BATON ROUGE — In her 44 years of life, Baton Rouge resident Brandy Dickinson has overcome many obstacles, but she needs help overcoming another — getting a new kidney.
Dickinson needs her second kidney transplant but has no way to turn as of now. She has been on dialysis for three years since she started having problems with the kidney donation she received from her oldest sister.
Dickinson said her sister was a perfect match and the transplant was performed in July 2007.
“Her miracle kidney worked great for almost 13 years,” Dickinson said. “I went as long as I could without dialysis but in December of 2020, her little bean couldn’t go any longer. I’ve been on dialysis since then.”
Dickinson said her body was different from birth.
“I was born premature and nothing developed,” she said. “Doctors weren’t sure if I was a boy or a girl when they first saw me. I had to have multiple surgeries after birth.”
She said the technical term of her condition was bladder exstrophy, which is a rare birth defect in which the bladder develops outside the fetus, according to The Mayo Clinic. The exposed bladder can’t store urine or function normally, resulting in urine leakage.
Dickinson explained she also had colostomy and ileostomy operations done. A colostomy is an operation that connects the colon to the abdominal wall, while an ileostomy connects the last part of the small intestine to the abdominal wall.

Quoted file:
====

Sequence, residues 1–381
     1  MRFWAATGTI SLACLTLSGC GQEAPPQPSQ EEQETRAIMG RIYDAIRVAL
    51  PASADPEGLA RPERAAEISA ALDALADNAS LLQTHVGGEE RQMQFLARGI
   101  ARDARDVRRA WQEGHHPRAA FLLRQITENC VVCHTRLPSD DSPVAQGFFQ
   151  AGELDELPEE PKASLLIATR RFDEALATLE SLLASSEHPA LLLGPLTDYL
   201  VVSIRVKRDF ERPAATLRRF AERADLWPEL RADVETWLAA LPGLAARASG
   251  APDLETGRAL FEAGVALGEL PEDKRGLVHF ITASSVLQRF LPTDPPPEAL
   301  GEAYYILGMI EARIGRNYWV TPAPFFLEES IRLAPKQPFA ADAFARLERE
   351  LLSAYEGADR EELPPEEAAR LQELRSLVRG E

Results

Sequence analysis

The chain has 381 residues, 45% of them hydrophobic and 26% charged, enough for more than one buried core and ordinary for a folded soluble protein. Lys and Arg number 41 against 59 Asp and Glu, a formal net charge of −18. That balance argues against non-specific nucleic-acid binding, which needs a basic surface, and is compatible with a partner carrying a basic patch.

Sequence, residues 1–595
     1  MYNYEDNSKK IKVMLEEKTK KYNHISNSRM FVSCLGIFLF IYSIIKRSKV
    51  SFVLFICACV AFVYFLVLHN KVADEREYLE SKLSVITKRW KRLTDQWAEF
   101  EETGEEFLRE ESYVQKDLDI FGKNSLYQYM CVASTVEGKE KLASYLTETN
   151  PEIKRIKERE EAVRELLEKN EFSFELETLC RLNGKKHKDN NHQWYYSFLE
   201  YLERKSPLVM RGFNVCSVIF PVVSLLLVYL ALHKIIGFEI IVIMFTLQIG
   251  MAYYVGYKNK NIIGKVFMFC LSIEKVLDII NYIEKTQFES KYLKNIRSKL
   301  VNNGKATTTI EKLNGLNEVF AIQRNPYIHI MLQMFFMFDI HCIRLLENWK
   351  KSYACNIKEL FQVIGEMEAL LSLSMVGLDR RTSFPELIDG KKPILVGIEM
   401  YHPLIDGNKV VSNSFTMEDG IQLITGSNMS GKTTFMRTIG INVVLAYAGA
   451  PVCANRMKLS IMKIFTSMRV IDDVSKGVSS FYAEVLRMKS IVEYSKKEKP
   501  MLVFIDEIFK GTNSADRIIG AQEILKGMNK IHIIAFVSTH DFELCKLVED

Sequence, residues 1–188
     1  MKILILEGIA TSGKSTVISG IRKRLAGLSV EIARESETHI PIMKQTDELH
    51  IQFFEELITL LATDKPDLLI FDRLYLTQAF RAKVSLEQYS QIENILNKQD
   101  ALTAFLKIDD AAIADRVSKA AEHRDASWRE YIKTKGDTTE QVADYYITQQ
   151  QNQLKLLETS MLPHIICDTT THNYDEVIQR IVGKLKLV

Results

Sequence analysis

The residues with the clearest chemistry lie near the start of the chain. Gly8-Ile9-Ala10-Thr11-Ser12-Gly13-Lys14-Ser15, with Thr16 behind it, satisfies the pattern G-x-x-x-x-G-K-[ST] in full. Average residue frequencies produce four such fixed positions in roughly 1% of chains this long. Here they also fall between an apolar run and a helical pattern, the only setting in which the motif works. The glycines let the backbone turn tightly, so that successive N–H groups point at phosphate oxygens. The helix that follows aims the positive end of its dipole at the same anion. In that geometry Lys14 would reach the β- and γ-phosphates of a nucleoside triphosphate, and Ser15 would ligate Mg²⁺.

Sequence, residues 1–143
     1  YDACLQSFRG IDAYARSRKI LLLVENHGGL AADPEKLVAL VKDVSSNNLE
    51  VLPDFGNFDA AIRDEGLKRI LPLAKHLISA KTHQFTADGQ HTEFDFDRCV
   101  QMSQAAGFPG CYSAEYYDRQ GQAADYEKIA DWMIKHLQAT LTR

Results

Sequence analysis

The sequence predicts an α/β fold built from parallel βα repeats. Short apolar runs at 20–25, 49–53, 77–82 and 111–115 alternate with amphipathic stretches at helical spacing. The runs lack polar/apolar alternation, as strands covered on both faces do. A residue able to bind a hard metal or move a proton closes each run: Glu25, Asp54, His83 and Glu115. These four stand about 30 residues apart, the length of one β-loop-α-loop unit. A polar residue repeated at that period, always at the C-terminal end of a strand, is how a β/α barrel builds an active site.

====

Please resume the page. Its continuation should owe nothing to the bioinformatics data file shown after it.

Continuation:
She had pelvic surgery at age 5 to turn her legs inward because both legs naturally turned outward.
“When I was 10, we went to Boston Children’s Hospital and I had a bladder reconstruction surgery that was 23 hours long,” she recalled. “They created a bladder out of my stomach and colon so I could get rid of my ileostomy that was a pain and leaked all the time. I was in Boston for five weeks, but it was a success.”
Dickson said she started going into renal failure in her mid-20s. After being on dialysis, Dickinson said she thought things were turning around when they found out her youngest sister was a perfect match.
The kidney donation was delayed because her sister had gotten pregnant but when they revisited the option in late April, she received bad news from Tulane.
“After having an appointment for months to go down there, meet with a social worker, nurse, and surgeon, get an echocardiogram done, I go to get my labs drawn and my coordinator drops the news of ‘I’m sorry, your sister cannot donate anymore’,” she said. “I couldn’t believe what she was telling me. Undoubtedly, someone there jumped the gun and didn’t check my sister’s CT scan. She has three arteries connected to her kidney. Being that my case is so complex, I can only receive a kidney from someone who has one artery. I’m still in disbelief because we had been working on tests and doing this for over a year. I need a new kidney with O+ or O- to save my life.”
“I wouldn’t be here without the help and amazing support I have from my wonderful family,” she added. “My mom has been there from day 1 by my side through everything. I met my wonderful fiancé 13 years ago, six months after my first transplant. He’s amazing! I wouldn’t be here without them.”
Dickinson said because of her O+ blood type and her anatomy, she can’t be put on a donor list. She said her insurance will pay for everything and she said she hopes someone takes the chance to donate.
“It would be wonderful,” she said. “It would give me a new lease on life because most people on dialysis, I think the average lifespan is five to 10 years is how long your body can actually take it. It’s just really hard on your body. That would give me a new lease on life and give me the chance to do things I really would like to do.”
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